Most deprived area in England gets new Day Centre and Community Hub
Trinity Methodist Church
Pier Avenue, Clacton-on-Sea
Like many seaside towns in the south east, Clacton now includes pockets of significant poverty and social deprivation, with those in need often being exported from London Boroughs into bed and breakfast accommodation. With a long- standing presence in the town, Trinity Methodist Church has responded by running several projects providing support to those in need, and by using their buildings to host other partner projects and organisations. Much of this work centres around helping the homeless, the hungry and those in despair.
The purpose of the project was to adapt the building to enable the church to better serve those needs, specifically:
- Providing more support and provision for homeless and vulnerable people;
- Providing opportunities for skills training, development and work experience, with specialist support for people with mental health issues;
- Providing an open and welcoming community space for people to gather and socialise – especially for families with young children.
Catering within a single building for such a range of users – from children to those with complex needs, often including drug and alcolhol addiction – requires the careful zoning of activities and facilities. With a complex brief, and the need to maintain provision of services (in all senses), the project was phased. Phase 1 focused on the refurbishment of the eastern half of the building including the main worship space; underfloor heating was installed, windows replaced and the space reordered, enabling the children’s work to be relocated here from the hall. Between the worship space and the hall two ancillary rooms, together with WCs, storage and circulation spaces, were renewed, a new kitchen created, and all areas repaired and redecorated.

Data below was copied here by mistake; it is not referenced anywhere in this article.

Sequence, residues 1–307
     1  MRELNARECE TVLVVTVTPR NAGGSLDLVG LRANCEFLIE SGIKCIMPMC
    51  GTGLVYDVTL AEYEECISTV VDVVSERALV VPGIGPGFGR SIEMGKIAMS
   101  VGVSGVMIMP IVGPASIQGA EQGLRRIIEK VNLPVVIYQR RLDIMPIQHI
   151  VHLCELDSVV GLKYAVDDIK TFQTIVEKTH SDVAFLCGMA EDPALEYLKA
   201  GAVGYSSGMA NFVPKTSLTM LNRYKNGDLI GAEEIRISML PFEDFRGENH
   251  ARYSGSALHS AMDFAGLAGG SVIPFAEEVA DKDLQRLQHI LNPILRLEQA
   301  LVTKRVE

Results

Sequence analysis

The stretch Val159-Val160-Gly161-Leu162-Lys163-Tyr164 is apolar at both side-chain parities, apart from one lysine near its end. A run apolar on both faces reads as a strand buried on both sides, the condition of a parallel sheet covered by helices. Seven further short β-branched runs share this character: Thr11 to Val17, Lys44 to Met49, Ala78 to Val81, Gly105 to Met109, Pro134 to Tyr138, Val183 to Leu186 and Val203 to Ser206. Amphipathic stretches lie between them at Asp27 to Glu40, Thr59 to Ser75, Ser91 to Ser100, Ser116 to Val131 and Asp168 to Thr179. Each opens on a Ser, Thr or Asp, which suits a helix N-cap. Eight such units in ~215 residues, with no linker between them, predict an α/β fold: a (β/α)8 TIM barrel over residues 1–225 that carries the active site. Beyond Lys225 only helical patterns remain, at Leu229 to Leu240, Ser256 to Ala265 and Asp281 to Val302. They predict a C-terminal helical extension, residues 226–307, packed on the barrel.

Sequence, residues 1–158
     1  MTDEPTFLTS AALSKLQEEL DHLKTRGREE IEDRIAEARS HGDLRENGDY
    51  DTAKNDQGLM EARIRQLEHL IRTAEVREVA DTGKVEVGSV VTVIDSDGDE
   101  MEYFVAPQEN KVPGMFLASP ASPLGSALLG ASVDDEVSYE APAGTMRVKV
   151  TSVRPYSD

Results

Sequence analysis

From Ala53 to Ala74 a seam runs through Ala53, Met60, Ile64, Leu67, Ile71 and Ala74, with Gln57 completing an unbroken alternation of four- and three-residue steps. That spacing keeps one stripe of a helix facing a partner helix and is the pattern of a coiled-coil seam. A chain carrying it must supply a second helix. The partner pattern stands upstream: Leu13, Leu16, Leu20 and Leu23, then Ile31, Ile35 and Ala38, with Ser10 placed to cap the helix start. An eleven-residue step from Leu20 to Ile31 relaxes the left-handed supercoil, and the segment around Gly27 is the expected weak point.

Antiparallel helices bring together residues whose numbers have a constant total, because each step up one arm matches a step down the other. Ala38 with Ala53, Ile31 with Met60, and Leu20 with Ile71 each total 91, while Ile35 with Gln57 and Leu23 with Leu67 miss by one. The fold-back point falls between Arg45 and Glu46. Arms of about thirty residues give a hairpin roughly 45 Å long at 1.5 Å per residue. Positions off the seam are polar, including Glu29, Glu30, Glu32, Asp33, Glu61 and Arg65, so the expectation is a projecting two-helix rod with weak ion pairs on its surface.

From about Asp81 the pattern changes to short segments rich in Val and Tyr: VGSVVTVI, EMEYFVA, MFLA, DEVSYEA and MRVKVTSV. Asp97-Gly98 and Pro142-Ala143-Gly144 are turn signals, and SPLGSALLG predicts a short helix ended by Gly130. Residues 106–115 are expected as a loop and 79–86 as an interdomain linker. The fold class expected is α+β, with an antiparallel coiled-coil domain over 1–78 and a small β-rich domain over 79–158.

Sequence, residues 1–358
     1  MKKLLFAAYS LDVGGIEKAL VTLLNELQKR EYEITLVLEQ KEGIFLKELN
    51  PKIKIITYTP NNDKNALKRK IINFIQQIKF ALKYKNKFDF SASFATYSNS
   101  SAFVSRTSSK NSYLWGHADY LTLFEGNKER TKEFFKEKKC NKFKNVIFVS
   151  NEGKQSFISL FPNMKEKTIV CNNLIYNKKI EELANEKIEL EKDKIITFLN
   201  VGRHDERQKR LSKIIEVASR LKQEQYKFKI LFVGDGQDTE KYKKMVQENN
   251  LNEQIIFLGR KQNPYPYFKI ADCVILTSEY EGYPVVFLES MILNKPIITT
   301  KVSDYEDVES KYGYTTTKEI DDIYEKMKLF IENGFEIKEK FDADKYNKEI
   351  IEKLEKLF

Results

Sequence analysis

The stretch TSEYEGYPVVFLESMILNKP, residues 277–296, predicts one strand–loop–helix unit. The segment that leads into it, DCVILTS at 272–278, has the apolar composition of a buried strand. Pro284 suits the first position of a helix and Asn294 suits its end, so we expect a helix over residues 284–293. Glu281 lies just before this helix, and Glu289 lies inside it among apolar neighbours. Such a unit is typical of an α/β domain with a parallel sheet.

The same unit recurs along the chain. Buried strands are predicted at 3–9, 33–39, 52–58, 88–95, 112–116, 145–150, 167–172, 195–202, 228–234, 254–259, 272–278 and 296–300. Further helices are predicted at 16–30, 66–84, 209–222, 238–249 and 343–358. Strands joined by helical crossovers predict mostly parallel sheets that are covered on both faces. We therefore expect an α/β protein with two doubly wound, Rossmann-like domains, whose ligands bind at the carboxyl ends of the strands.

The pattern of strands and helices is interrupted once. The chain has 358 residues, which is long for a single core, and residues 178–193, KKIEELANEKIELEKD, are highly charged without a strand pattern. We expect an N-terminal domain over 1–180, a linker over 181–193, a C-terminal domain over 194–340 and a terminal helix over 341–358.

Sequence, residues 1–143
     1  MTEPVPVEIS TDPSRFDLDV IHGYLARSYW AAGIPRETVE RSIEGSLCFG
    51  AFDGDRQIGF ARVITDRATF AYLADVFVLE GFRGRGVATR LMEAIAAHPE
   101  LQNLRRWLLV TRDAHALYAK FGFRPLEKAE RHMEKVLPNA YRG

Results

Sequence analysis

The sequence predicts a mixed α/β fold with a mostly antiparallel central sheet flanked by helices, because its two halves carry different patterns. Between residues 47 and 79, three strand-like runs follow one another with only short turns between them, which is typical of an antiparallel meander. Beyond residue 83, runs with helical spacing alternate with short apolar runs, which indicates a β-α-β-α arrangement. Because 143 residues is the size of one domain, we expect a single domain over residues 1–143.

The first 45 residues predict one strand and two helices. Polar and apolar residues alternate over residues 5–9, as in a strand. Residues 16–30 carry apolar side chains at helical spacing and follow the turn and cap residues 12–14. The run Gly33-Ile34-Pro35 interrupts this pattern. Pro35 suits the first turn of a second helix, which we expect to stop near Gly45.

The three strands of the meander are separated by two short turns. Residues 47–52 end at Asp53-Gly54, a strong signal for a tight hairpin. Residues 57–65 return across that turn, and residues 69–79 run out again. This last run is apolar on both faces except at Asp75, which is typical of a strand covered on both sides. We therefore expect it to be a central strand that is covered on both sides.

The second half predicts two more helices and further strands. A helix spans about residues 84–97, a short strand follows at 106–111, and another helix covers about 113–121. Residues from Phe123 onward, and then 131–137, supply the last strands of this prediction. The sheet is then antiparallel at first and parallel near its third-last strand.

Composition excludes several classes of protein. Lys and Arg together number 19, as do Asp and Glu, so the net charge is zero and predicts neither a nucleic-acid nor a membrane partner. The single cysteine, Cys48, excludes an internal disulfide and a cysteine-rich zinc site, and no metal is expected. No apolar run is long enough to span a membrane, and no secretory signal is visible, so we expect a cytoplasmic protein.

Phase 2 comprised the refurbishment of the remaining western half of the building. The main hall was divided to create a new welcome area for the Pier Avenue entrance, with the addition of a new utility room with shower, new unisex and disabled WCs, a nurse’s office with a day bed and a new administration office; the remainder of the hall was refurbished and equipped for the provision of meals and for other activities, including skills training offered free in partnership with the Workers’ Educational Association charity. The existing main kitchen was enlarged and refitted to full commercial catering standard, and currently serves 20–40 guests a day a cooked breakfast and nutritious lunch. The church also offers toiletries, clothes washing facilities and replacement clothing when needed.
It has been an utter privilege to have walked alongside this church community and help them complete this project. This is a church community that is using its building to walk the talk of Matthew 25, when the Son of Man, at the judgement of the the nations, tells those at his right hand ‘I was hungry and you gave me food, I was thirsty and you gave me something to drink, I was a stranger and you welcomed me, I was naked and you gave me clothing, I was sick and you took care of me…’ (vv. 35–36).